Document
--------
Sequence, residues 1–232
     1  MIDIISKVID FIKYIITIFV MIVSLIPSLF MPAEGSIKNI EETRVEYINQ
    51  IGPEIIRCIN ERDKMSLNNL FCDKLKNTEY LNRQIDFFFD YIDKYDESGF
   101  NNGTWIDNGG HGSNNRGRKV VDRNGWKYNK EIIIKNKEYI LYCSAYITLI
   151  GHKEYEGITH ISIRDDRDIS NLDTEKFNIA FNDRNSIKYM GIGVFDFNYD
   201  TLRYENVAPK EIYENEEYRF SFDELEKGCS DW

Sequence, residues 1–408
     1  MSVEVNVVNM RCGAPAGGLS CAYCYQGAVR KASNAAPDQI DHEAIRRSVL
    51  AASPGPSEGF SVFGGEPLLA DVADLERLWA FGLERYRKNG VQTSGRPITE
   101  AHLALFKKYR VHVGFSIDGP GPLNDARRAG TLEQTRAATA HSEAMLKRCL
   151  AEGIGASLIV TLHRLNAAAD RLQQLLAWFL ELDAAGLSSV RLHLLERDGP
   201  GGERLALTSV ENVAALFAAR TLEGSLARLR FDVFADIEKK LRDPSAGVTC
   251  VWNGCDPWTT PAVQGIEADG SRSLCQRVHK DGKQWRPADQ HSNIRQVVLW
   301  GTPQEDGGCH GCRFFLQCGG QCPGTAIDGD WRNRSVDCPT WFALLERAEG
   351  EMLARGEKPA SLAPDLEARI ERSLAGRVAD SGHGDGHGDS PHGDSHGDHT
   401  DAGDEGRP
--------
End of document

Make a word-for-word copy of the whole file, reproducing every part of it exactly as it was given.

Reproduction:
Sequence, residues 1–232
     1  MIDIISKVID FIKYIITIFV MIVSLIPSLF MPAEGSIKNI EETRVEYINQ
    51  IGPEIIRCIN ERDKMSLNNL FCDKLKNTEY LNRQIDFFFD YIDKYDESGF
   101  NNGTWIDNGG HGSNNRGRKV VDRNGWKYNK EIIIKNKEYI LYCSAYITLI
   151  GHKEYEGITH ISIRDDRDIS NLDTEKFNIA FNDRNSIKYM GIGVFDFNYD
   201  TLRYENVAPK EIYENEEYRF SFDELEKGCS DW

Sequence, residues 1–408
     1  MSVEVNVVNM RCGAPAGGLS CAYCYQGAVR KASNAAPDQI DHEAIRRSVL
    51  AASPGPSEGF SVFGGEPLLA DVADLERLWA FGLERYRKNG VQTSGRPITE
   101  AHLALFKKYR VHVGFSIDGP GPLNDARRAG TLEQTRAATA HSEAMLKRCL
   151  AEGIGASLIV TLHRLNAAAD RLQQLLAWFL ELDAAGLSSV RLHLLERDGP
   201  GGERLALTSV ENVAALFAAR TLEGSLARLR FDVFADIEKK LRDPSAGVTC
   251  VWNGCDPWTT PAVQGIEADG SRSLCQRVHK DGKQWRPADQ HSNIRQVVLW
   301  GTPQEDGGCH GCRFFLQCGG QCPGTAIDGD WRNRSVDCPT WFALLERAEG
   351  EMLARGEKPA SLAPDLEARI ERSLAGRVAD SGHGDGHGDS PHGDSHGDHT
   401  DAGDEGRP